The other day I discovered that one of my old Underground paper mosaic collages is being used in an interesting online exhibition at the musée historique environnement urbain.
This link will take you to the beginning of the London section of the virtual exhibit. If you roll your mouse over the pictures and follow the arrow that appears on the right, you’ll eventually get to All Trains Go to King’s Cross St. Pancras. It’s being used to illustrate the tube-like nature of the deep level tunnelsThe main site  for the virtual musée (in English or en Français) has links to all kinds of exhibitions on aspects of urban life.
By way of background, the picture was based on a photo that I took several years ago at Manor House Station on the Piccadilly Line. The title comes from the announcement on the electronic sign. They’ve since “refurbished” the station. I haven’t seen the cleaned up version in person, although judging by the glossy, bright pictures, I suspect I wouldn’t actually like what they’ve done.
Oct 112010
 

I’ve been away. I had to travel to a big University of California medical campus for what turned out to be some ok help from one department, and some patronizing and dispiriting non-help from another.

Alas, feeling down and wanting to console myself, I did a little shopping. Large universities, especially ones with big science programs, have bookstores with esoteric goodies. Coming all this way, at least I could pick up a few petri dishes, slide holder cases and watch glasses for later. I have some slides at home and was wondering what I could sandwich between them in the semi-translucent holders.

I think some of the petri dishes will become “cards” for friends. I’m trying to figure out what to use to write inside them that will suggest fuzzy and/or semi-translucent blobs of cultured bacterial matter. Suggestions are welcome.

The student checking me out at the bookstore asked if I was doing an experiment. “No, I’m an insane artist and I’m going to use these to make bacterial-looking birthday cards.” His face brightened considerably.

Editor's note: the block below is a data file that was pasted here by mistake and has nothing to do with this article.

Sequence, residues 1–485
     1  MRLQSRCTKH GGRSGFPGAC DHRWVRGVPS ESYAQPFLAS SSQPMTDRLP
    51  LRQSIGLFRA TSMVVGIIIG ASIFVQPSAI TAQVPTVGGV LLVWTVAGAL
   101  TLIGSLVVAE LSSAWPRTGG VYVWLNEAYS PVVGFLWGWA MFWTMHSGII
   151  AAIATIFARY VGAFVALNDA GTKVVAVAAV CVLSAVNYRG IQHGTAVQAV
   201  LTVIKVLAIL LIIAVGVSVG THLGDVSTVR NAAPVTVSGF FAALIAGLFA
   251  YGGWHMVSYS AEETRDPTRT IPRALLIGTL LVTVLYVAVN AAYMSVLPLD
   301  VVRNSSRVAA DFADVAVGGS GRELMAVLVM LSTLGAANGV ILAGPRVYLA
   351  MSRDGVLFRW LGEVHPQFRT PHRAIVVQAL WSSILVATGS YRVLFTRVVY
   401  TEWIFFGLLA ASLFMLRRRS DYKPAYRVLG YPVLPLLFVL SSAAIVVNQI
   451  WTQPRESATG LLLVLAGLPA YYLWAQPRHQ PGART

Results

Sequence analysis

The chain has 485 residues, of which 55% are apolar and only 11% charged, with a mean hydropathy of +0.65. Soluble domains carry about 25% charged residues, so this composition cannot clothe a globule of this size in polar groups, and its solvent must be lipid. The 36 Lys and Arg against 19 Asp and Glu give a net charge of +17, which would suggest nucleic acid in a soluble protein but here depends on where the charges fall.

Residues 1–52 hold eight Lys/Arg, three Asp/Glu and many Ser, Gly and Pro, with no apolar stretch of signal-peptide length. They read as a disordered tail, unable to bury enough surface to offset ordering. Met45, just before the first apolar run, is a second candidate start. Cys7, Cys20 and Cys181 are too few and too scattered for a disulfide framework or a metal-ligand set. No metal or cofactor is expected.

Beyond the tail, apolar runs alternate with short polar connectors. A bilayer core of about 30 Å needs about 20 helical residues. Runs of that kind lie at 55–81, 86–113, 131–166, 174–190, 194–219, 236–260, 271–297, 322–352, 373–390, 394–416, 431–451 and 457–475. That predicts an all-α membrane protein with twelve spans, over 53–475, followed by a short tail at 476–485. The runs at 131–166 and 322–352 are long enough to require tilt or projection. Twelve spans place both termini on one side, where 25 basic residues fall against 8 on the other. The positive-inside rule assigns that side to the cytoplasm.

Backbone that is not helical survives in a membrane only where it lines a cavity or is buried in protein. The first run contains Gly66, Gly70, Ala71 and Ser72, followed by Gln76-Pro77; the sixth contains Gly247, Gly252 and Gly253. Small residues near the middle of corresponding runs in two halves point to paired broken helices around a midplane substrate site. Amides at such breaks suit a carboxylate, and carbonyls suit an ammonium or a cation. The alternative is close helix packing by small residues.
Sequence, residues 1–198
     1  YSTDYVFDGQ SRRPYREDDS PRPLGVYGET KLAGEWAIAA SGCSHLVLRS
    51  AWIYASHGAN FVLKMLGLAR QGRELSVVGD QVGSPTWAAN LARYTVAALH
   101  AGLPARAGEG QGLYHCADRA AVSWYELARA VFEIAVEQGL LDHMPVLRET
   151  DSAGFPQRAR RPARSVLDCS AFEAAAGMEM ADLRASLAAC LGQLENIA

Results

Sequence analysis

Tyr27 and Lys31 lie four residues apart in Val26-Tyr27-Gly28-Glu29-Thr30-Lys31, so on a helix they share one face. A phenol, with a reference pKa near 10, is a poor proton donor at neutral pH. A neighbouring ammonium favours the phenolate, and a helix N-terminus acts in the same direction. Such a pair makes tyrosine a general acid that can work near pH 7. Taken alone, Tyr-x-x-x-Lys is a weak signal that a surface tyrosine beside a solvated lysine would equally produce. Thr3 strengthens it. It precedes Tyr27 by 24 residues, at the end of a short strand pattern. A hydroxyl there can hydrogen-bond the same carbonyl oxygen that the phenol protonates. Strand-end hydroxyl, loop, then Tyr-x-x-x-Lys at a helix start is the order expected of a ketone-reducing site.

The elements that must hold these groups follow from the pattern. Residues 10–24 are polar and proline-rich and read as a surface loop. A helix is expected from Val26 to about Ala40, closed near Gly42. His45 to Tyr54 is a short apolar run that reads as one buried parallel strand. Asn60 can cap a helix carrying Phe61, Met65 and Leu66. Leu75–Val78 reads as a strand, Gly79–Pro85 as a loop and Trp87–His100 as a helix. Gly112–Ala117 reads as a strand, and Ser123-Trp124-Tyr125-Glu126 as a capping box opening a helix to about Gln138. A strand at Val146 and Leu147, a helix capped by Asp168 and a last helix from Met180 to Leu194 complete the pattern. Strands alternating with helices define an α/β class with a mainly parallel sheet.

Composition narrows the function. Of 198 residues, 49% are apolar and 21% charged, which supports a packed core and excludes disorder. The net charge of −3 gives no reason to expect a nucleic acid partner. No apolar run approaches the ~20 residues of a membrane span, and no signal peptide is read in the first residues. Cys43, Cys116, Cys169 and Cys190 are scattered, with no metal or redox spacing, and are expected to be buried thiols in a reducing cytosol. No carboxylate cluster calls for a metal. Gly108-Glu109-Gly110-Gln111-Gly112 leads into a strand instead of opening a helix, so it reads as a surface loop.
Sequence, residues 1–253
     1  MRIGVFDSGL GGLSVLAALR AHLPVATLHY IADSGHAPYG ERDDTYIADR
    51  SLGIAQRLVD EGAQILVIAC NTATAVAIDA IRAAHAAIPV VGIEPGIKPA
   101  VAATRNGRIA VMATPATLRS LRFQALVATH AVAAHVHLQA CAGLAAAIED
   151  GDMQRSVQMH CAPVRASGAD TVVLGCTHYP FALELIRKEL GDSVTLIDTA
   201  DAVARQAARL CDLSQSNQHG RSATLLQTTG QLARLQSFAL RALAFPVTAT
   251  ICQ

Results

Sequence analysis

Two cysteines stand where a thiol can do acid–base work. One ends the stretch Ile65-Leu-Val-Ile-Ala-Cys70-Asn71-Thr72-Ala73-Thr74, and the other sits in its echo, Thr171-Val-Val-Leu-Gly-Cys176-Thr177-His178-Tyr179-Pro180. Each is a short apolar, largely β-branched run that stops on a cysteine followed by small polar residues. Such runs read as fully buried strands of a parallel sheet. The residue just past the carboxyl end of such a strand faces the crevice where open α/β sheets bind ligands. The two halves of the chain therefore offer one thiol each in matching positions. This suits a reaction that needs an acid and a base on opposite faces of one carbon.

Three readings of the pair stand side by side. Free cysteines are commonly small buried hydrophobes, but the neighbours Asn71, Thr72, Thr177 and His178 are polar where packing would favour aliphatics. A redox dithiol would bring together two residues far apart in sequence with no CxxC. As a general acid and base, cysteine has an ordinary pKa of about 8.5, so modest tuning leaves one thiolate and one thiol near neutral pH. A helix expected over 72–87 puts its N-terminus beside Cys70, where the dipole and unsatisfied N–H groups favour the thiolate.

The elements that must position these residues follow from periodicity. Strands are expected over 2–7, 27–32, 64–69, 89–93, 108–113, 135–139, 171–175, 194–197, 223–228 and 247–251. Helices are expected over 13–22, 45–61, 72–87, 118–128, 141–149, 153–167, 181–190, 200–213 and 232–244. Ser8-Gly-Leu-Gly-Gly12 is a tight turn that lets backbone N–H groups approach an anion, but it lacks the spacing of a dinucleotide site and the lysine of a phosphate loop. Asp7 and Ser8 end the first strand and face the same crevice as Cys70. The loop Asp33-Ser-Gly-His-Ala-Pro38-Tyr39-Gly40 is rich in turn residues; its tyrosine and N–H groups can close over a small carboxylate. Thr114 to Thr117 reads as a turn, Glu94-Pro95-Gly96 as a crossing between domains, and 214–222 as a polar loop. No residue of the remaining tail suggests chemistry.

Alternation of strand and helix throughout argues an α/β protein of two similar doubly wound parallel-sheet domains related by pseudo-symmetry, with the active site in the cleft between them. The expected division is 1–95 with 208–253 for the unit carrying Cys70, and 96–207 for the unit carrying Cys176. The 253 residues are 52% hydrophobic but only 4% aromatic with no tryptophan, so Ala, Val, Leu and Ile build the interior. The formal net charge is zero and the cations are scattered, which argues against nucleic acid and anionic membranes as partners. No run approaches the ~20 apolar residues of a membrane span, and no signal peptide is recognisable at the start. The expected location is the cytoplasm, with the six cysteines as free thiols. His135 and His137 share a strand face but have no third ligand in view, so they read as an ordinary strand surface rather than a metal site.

Aug 082010
 

I went down to San Rafael to see the Art of the Book exhibit at Donna Seager Gallery before it closed. It was wonderful and truly inspiring.

I also found it reassuring. I often feel insecure about the little imperfections in my books. It was enlightening to handle work by some of the book artists I admire most, and to see that theirs, too, splay or have stitching that is not quite perfect, or windows that are just a tiny bit crooked. It’s good to be reminded that those little idiosyncrasies can add character and warmth to a piece.

The show has come down, but is still online (via the link above). Note that there are two pages of pictures.

I also got to stop at California Carnivores in Sonoma County, my favorite plant nursery of all time. It was quite hot during the trip home. It wasn’t safe to leave my new babies in the car when I stopped for coffee, so they came in with me. For some reason, people stared.

May 022010
 

I trekked to the Bay Area last week. I’m still getting settled back in. I went to an evening workshop with Sara Burgess at the San Francisco Center for the Book. Her papercuttings are divine, and I figured mingling with some knife-happy, paper-crazy folks outside of my isolated corner in the Redwoods might be just the thing.

I also reconnected with a few old friends along the way that I don’t get to see nearly enough. This was good, but also sad. So many people I care about are going through such hard times–major economic insecurity, unemployment, frightening health stuff…

As for the workshop, my hands did not want to cooperate. Not to boast, but I used to be able to wield a scalpel or X-Acto with a fair amount of skill. Not so much anymore, alas. But the show-and-tell of Sara’s work alone made the night worth it. The books she makes from her all-white scherenschnitte-style papercuttings are exquisitely intricate. She fashions some of the cut pages into map folds that pop out when opened. She showed us one multi-layered carousel book that looked like delicate layers of lace. Unfortunately, there isn’t much of her cut paper work online, but she says that she plans to put more up on a site she has just started, White Papers Press. You can already see a few examples of her work’s complexity there.

These snaps are from my drive home. I went slowly and stopped a lot on the way. The rain made it particularly scenic.